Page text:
E-tu Zen Sun, 99, of State College, died Monday, June 28, 2021, at Mount Nittany Medical Center.
Born July 24, 1921, in Beijing, China, she was the daughter of the late Hongjun and Hengzhe "Sophia" Chen Ren. She was the eldest of three siblings; her brother E-an Zen and sister E-su Zen preceded her in death. Her parents both attended college in the United States, so E-tu had a western-style, English-language education in addition to training in a classical Chinese humanist tradition. With the Japanese occupation of Beijing in World War II she moved to Kunming, where she attended the National Southwest Associated University. Because classes were frequently interrupted by air raids, her parents decided that she should continue her education at Vassar College, her mother's alma mater. E-tu crossed the Pacific Ocean in July 1941, arriving in San Francisco just four months before the attack on Pearl Harbor. She spent a wonderful three years at Vassar, graduating in April 1944.
E-tu received her MA and PhD in Chinese history at Radcliffe College (Harvard University) in Cambridge, Massachusetts. It was there that she met her husband, Shiou-chuan Sun, who was a doctoral student at the Massachusetts Institute for Technology. They married in 1949; Shiou-chuan preceded her in death in 1981. After Radcliffe, E-tu taught at Goucher College and was a postdoctoral fellow at the Page School for International Relations at the Johns Hopkins University before joining Shiou-Chuan at the Pennsylvania State University in 1952. After holding research appointments at Harvard, Radcliffe, and Penn State, she became a full-time faculty member in the Penn State History Department in 1966. E-tu went on to become the department's first female full professor.
At Penn State, E-tu introduced generations of students to the study of Chinese and East Asian history. She was instrumental in establishing the East Asian Studies Program, serving as its first director from 1970-77. Her scholarship on late imperial China helped lay the foundations for the contemporary study of Chinese history and resulted in her holding leadership positions in professional organizations in her field.
E-tu was also highly engaged with the larger Penn State and State College communities. She championed women's equality in higher education and was a proud member of the American Association of University Women (AAUW), serving a term as the president of the State College chapter. E-tu became an avid football fan during the Joe Paterno era, and for many autumns, following the Nittany Lions was a Saturday afternoon ritual. In a different vein, for many years she was a regular at the Penn State Performing Arts series. Finally, her sons honor her hours of unsung service in supporting their Boy Scout, sporting, musical, theatrical, and academic endeavors.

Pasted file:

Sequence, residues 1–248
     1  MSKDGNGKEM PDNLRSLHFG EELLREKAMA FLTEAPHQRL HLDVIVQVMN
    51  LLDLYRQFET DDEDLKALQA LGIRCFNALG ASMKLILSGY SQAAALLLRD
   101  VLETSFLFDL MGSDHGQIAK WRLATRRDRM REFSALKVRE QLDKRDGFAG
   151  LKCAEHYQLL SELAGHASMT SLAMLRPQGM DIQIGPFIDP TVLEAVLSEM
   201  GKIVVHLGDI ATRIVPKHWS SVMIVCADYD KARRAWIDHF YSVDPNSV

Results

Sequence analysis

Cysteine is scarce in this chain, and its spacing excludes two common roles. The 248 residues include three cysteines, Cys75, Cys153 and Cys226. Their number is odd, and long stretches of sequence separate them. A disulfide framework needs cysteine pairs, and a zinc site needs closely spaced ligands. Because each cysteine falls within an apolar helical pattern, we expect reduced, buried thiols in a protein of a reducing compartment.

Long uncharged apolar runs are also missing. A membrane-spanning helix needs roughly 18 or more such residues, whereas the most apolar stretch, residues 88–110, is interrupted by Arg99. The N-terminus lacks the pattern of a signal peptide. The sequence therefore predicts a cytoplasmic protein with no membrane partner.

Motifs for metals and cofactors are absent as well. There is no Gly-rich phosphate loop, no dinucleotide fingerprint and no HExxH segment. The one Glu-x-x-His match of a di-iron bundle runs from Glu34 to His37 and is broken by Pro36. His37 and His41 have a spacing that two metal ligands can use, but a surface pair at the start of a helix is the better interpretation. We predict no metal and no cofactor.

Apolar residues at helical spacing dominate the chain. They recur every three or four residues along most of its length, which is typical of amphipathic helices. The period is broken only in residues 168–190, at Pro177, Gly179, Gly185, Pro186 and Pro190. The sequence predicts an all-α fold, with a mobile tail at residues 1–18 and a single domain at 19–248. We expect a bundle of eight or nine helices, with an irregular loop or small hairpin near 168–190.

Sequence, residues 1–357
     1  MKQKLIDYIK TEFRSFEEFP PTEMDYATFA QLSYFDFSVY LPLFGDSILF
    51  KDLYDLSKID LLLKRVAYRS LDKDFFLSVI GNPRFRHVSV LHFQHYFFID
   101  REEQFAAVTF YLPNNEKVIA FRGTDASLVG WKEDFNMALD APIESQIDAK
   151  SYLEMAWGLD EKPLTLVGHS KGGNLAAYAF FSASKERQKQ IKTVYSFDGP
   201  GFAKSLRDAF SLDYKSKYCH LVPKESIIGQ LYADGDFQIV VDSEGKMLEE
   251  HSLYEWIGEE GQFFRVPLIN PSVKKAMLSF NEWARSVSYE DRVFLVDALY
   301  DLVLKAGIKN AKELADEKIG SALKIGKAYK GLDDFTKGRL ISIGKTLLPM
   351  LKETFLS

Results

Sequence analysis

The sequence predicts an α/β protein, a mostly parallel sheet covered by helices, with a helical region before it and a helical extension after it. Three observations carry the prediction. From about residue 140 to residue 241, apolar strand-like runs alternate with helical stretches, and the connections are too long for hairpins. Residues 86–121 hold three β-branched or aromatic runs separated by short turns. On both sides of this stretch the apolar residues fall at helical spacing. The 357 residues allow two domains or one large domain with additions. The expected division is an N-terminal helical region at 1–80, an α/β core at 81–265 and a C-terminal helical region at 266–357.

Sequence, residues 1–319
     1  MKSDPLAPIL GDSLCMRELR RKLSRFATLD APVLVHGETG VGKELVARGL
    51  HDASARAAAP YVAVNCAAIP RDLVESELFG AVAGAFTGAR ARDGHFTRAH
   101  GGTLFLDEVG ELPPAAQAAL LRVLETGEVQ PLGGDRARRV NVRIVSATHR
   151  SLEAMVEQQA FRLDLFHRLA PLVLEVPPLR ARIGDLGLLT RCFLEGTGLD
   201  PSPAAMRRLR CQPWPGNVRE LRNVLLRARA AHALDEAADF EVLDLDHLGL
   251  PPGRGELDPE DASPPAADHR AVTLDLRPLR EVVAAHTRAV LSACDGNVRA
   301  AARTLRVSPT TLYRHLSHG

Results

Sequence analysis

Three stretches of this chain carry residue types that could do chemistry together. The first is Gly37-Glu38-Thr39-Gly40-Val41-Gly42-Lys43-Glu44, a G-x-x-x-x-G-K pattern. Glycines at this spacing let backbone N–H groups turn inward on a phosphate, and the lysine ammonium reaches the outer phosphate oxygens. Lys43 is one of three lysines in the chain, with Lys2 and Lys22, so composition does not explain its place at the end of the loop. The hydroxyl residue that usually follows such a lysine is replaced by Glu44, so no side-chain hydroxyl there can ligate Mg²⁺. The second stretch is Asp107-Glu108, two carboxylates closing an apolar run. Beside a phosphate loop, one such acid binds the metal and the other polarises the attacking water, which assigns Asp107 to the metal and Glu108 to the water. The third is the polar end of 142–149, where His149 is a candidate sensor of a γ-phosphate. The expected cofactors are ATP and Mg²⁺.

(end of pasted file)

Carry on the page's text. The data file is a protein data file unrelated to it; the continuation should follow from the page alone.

After retiring from Penn State in 1988, E-tu enjoyed traveling (she "collected" rivers, and took particular delight in voyaging on rivers as far-flung as the Rhine and the Columbia), socializing with retired history colleagues and friends in the Chinese community, and befriending the birds, rabbits, chipmunks, squirrels, and occasional groundhog in her backyard. Fiercely independent, she remained in the same home in College Heights where she had lived for over 60 years, with the assistance of good friends and neighbors, until just before her death.
E-tu is survived by two children, Albert Sun of Reston, VA, and Raymond Sun and his wife Birgit of Albion, WA; and one granddaughter, Rachel M.
A private burial will be held in Spring Creek Presbyterian Cemetery. A memorial service will be held later this fall.
Memorial contributions can be made online to the Penn State Department of History. Contributions will support an annual outstanding teaching assistants award in Dr. Sun's name. Alternatively, memorial gifts can be made to the Nature Conservancy, which preserves natural habitat from development, at https://www.nature.org/en-us/membership-and-giving/donate-to-our-mission/other-ways-to-give/
Arrangements are under the care of Koch Funeral Home, State College. Online condolences and signing of the guest book may be entered at www.kochfuneralhome.com.